Mangroves against climate change
Mangroves are shrubs and trees that grow in coastal saline waters in the tropics, where the water temperature is above 20 degrees Celsius. They protect the coasts against storm surges and tsunamis. So when the mangrove forests disappear – often as a result of aquaculture development – the coastline is exposed to erosion and damage by natural forces.
The coast of Palu Bay on the Indonesian island Sulawesi used to be covered by dense mangroves, but these were cut down to build settlements, hotels and docks. The tsunami on 28 September 2018 hit the city of Palu badly and destroyed most of it because there was no natural barrier to stop the high waves crashing on the land.
In Palu Bay, only ten hectares of intact mangrove forest are left. This preserved ecosystem is called Gonenggati. It is maintained by 30 local people. They plant mangrove seeds on damaged coastal lands. “The mangroves saved our village from destruction by the tsunami,” says Yuryanto, the coordinator of Gonenggati. In the mangrove forest, local fishermen catch shrimp and crabs.
Several communities on other Indonesian islands like Java, Bali, Sumatra and Kalimantan also try to rehabilitate and conserve their mangroves. Furthermore, international organisations like Mangroves for the Future have local branches in Indonesia and support the reforestation of the coastlines.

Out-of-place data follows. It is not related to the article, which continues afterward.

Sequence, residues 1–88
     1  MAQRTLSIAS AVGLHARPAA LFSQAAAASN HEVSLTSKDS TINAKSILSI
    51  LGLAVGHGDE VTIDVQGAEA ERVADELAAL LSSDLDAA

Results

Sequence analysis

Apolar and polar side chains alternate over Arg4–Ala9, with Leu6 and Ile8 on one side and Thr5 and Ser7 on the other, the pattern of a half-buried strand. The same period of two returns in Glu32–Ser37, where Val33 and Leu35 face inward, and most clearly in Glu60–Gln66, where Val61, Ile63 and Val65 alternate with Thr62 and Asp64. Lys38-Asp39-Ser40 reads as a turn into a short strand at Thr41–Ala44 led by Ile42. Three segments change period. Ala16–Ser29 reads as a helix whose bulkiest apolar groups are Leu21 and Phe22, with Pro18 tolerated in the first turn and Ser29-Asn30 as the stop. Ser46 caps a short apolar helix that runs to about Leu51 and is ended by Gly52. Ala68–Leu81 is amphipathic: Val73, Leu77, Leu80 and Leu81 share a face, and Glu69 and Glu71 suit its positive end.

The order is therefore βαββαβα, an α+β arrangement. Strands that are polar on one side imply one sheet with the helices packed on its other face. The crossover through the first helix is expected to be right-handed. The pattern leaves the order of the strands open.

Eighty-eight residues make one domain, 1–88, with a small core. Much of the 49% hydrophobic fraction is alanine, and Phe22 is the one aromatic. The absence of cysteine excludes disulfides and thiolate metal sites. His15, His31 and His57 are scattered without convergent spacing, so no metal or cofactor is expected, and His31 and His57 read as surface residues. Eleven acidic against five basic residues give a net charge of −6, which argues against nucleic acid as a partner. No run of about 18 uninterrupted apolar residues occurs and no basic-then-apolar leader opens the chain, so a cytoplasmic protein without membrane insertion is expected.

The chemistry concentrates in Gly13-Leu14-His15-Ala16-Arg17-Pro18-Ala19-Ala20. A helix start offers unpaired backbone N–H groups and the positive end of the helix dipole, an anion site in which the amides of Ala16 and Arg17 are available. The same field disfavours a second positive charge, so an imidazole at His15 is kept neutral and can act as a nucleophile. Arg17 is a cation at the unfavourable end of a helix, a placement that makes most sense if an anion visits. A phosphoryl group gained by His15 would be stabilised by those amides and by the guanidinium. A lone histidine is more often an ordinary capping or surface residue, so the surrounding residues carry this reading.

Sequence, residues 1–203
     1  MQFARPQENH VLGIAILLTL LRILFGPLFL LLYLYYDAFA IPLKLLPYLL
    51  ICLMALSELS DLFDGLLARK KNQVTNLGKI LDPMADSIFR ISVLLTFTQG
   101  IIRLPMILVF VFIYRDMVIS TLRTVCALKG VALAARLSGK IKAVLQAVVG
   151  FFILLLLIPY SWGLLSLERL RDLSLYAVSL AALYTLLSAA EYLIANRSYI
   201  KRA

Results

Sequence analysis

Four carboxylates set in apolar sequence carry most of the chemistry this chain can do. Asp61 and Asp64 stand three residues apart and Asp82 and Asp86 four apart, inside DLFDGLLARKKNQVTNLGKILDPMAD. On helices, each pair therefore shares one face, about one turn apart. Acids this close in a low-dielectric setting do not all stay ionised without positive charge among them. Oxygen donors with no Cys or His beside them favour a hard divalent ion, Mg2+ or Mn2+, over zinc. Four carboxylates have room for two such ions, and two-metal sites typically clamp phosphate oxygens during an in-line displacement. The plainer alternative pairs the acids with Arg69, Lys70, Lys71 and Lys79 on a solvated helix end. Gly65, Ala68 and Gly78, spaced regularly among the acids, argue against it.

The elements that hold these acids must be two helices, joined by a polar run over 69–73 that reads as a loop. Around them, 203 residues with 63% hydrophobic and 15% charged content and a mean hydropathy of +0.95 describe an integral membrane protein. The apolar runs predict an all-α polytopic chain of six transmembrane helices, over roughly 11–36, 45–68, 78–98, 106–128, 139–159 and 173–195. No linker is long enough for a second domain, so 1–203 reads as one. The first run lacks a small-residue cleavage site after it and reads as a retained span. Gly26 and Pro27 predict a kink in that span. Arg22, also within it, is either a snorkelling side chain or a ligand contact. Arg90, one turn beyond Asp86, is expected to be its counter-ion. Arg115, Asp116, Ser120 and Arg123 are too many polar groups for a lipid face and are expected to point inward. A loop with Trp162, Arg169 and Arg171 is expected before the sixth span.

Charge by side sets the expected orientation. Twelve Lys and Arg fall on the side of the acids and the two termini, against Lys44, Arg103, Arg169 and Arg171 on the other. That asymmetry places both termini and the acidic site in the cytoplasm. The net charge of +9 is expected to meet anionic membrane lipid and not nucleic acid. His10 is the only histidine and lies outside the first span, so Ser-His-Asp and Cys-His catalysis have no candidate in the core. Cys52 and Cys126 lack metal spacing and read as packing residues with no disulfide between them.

Besides their protective function, mangroves have another important advantage: they are highly effective at absorbing carbon. Research by the National University of Singapore in 2018 concluded that mangroves are the “most cost-effective habitat to mitigate carbon emissions”. Coastal vegetation grows fast and stores organic carbon more efficiently than tropical rainforests or any other ecosystems.
The ground of the mangrove ecosystem is most important: 78 % of the carbon is stored in the soil, 20 % in living trees and two percent in dead trees. When deforested, the mangrove ecosystem releases carbon dioxide (CO2) into the air. In Indonesia, 190 million metric tons of CO2 is set free every year due to mangrove deforestation, which amounts to 42 % of the country’s greenhouse gas emissions.
Environmentalists demand to stop deforestation and restore mangrove forests in Indonesia.
According to Rudhi Pribadi, a researcher from the Marine Sciences Diponegoro University in Central Java, this could be a successful “strategy to mitigate climate change”.
Ika Ningtyas is a freelance journalist based in Java, Indonesia.
Mangroves for the Future (MFF):